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Passing Time Winery

2018 Block 1311



Managing Partner Damon Huard: Block 1311 is the first ever vineyard designated Cabernet made by Passing Time. This beautiful 2 acre block sits about 300 feet above the Columbia River at Wallula Vineyard in the Horse Heaven Hills Appellation. Planted to high density with special clone 685 these young vines are producing world class fruit already that winemaker Chris Peterson wanted to let stand alone. This annual small batch offering will be a wine to follow for decades to come. Salute’ to the Benches!

This single-block beauty impresses immediately with brooding aromas of dark black currants, dried wild herbs, and baker’s chocolate. This wine is immense and palate-coating with concentrated black currant liqueur, mocha powder, fresh-cut tobacco, and a dark asphalt note, all leading to a finish that’s all density but also balanced. This wine will reward a few years in the cellar and drink till, who knows—20 years easily. A blockbuster wine that shows what this site is capable of in a special vintage.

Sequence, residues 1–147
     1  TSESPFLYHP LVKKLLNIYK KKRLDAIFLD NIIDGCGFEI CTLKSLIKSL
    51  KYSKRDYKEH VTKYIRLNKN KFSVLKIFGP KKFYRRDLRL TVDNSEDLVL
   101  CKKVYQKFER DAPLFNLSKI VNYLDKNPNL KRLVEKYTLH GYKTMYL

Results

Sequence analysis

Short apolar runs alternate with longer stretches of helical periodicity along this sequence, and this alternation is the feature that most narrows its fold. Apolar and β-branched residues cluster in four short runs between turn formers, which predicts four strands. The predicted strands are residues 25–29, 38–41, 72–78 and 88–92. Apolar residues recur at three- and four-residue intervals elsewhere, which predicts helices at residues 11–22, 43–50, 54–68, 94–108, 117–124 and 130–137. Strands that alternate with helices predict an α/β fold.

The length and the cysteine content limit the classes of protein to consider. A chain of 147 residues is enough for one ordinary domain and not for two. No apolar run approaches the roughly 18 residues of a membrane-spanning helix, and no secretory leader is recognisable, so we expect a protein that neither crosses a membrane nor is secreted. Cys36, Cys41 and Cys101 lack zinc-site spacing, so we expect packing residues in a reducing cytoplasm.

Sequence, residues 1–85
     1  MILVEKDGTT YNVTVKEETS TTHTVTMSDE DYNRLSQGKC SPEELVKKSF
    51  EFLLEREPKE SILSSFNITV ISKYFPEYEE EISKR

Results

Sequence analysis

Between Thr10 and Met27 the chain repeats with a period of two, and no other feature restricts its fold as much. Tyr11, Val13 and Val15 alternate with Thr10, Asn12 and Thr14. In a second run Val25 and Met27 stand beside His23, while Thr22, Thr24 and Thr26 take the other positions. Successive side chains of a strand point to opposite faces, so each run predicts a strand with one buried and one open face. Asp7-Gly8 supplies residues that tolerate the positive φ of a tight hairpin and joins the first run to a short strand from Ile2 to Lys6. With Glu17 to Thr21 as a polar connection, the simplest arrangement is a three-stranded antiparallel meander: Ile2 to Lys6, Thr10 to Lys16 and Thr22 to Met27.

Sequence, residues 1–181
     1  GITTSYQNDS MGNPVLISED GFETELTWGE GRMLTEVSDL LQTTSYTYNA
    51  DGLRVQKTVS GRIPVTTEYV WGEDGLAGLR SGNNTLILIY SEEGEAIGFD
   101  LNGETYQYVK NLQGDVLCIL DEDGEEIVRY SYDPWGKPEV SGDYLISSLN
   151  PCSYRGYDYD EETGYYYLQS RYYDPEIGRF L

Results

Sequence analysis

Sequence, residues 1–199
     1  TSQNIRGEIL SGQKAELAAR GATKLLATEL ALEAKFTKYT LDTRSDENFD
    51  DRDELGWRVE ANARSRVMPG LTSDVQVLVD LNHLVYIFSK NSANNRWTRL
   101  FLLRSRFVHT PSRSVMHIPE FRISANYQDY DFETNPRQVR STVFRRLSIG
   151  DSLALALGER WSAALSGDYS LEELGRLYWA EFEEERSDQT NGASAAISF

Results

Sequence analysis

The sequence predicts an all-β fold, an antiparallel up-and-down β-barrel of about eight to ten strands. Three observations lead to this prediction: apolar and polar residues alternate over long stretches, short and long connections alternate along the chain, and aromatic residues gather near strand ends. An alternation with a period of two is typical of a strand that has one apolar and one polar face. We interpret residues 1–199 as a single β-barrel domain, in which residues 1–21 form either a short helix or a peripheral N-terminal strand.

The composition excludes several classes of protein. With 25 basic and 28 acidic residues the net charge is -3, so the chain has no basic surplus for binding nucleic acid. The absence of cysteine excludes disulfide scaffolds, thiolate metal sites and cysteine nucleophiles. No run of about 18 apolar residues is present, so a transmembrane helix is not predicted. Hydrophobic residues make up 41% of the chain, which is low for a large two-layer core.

Blend: 100% Cabernet Sauvignon  

Wallula Vineyard "The Benches"

Aging: 80% new French oak

Production: 125 cases


95 Points by Jeb Dunnuck 

"Coming from a single block of the Benches Vineyard in the Horse Heaven Hills, the 2018 Cabernet Sauvignon Block 1311 offers a singular style with an exotic bouquet of blue fruits, lavender, and leafy herbs. This carries to a full-bodied, ripe, straight-up sexy Cabernet with an expansive texture, loads of tannins, and a big finish. It’s one of the more primordial barrels samples here and is a touch unformed, but man, it has potential."

- Tasting Date April 15, 2020 


94 - 96 Points by Wine Advocate 

"Expressive and tight, the quality and focus of the 2018 Cabernet Sauvignon Block 1311 are there, but it’s hard to get a good read on it at this point. There’s a lot going on with tight tannins and big, tart, spiced fruit. It’s still finding its balance, and I will reserve my predictions. I have no doubt this will age for more than a decade and imagine that if the fruit can absorb the oak and integrate seamlessly by the time the bottle is officially released, my final score will put it among the top of their range."

- October 2020 Issue  



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